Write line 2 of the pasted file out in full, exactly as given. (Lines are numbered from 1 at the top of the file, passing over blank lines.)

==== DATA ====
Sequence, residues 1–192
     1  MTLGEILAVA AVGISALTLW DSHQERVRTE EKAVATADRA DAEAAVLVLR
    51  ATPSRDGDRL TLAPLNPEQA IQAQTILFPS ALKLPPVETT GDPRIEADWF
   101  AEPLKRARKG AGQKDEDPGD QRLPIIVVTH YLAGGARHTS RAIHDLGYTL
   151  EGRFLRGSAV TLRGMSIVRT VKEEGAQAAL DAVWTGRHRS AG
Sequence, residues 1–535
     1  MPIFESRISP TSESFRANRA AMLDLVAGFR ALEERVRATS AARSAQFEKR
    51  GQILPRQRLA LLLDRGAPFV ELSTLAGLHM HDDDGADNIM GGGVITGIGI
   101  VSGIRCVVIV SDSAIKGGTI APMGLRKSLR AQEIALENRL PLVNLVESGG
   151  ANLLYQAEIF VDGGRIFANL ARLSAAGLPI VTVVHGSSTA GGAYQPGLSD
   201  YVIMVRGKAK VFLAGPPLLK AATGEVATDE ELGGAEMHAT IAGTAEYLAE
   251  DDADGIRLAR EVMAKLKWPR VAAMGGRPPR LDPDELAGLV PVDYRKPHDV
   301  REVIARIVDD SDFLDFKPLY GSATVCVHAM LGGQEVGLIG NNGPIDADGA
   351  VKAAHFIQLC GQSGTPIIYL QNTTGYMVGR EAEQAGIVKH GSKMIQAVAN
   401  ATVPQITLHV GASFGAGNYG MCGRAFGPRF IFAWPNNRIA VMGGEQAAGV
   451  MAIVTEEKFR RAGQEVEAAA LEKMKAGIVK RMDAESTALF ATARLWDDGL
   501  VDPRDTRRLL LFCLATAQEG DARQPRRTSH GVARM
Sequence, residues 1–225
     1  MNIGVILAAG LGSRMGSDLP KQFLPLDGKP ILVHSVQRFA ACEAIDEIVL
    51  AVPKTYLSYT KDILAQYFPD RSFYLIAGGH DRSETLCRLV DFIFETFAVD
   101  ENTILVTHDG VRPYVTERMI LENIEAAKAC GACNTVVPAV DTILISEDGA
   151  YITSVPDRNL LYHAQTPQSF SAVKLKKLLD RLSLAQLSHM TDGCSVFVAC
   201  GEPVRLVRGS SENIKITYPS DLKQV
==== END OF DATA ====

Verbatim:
     1  MTLGEILAVA AVGISALTLW DSHQERVRTE EKAVATADRA DAEAAVLVLR